Carlos Tavares announced last year, in March 2019, that PSA had decided to withdraw from the race to level 4 and 5 autonomous car for individuals. This had sounded like abandoning a strategy on the belief that the goal was proving impossible to achieve. However, the main argument put forward was not technological, but rather the exorbitant cost of development, due to the ethical and legal aspects and the reputation risks for the company in the event of an accident. He was quickly followed by James Kuffner, Toyota’s general manager of R&D and Alexander Hitzinger, CEO of Volkswagen’s autonomous driving division. What at first seemed to be a singular strategic direction turned out to be an industry-wide statement.

Meanwhile, across the Atlantic, Elon Musk continued to spread optimistic messages that demonstrated confidence in Tesla’s ability to bring autonomous passenger vehicles to market by 2020, targeting taxis in particular. This promise was echoed by Uber as an opportunity to continue its innovative positioning in passenger transportation.

This strange opposition between industrial leaders who each have colossal investment resources and are capable of radically transforming their industrial sector is interesting for several reasons. Would European interest be so great that it would slow down innovation on a large scale?

If we analyse the substance of each party’s discourse, there is agreement on progress and capacities. On the other hand, the customer positioning is different. The Americans manufacture cases of autonomy use in defined contexts and market them as they go along, looking for the right targets, while the Europeans think that the price, in any case, will be prohibitive for individuals.

The crux of the matter is the development of standards to control and regulate the use of autonomous driving functions. On the European side, manufacturers claim that, in addition to the costs of technological development, the development of standards will make the price prohibitive.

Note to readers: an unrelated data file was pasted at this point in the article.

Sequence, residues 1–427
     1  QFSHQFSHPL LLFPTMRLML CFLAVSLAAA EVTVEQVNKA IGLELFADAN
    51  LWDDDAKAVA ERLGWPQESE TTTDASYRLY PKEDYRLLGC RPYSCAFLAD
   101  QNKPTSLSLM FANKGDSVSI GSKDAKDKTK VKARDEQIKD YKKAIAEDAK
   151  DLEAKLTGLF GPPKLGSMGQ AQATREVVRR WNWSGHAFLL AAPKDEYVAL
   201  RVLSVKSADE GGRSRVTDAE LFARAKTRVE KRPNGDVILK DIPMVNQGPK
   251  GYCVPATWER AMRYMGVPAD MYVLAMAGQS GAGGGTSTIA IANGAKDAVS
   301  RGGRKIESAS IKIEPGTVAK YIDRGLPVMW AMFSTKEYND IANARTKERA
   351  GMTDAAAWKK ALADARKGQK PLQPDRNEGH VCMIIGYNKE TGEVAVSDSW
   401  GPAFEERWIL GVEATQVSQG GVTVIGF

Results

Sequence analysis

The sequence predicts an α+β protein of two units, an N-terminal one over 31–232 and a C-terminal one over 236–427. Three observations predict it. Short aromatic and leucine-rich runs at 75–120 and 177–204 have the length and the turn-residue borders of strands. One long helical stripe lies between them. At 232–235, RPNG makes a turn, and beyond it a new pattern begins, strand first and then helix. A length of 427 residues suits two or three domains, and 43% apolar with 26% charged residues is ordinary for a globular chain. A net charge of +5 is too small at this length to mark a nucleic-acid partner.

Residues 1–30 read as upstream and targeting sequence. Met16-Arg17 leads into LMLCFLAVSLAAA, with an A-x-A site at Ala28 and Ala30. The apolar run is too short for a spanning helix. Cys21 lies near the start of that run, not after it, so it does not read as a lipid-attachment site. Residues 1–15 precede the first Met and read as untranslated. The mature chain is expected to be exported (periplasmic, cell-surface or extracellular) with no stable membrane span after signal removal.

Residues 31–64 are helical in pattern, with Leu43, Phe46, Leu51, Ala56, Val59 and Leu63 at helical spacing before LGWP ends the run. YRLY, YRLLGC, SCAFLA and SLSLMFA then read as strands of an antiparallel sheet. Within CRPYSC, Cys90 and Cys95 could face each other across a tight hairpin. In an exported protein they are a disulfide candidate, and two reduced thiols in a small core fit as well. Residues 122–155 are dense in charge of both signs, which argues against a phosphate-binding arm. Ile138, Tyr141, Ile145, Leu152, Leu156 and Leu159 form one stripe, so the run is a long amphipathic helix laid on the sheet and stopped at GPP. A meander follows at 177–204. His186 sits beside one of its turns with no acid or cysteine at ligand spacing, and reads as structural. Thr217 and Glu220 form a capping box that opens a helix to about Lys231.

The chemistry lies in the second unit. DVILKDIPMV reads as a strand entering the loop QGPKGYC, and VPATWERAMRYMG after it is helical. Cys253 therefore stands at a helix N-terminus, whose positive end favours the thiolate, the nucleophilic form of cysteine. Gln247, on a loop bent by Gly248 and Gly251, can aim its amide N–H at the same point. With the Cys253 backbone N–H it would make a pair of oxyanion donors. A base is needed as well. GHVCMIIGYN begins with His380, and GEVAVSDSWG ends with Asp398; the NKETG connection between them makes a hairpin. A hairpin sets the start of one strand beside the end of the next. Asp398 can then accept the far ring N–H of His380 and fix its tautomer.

On the American side, manufacturers believe that the price will be much lower and that the development of autonomous driving is feasible.

Everyone agrees on the limits of autonomy, that nothing can totally replace a driver in the current context, however no initiatives are taken with the public authorities to transform the driving context, while it is in the process of being transformed for other modes of transport, such as cycling.

Finally, it is understandable that the use of autonomous driving will lead to an exponential development of shared and collective transport and will be the death knell for the private car. The weapon of the norm makes it possible to build effective barriers to market entry and, in this case, to prevent the development of an innovation which threat a violent destruction the existing car industry.

If the Americans manage to find the right customer segments for autonomous driving uses and continue to expand the level of self-driving, they will gain enough experience to become and remain the world leaders in the sector. As in the case of GAFAM, the oustiders will be so overwhelmed that they will have no chance of catching up with them. It will be up to the Europeans to wait for the next technological breakthrough.

Moreover, the future of the private car is tightly linked with the control of greenhouse gas emissions. For Europe, abandoning the level 4 and 5 autonomous car path means to increase its dependence on the United States technologies in a promising sector. It is a kind of surrender.

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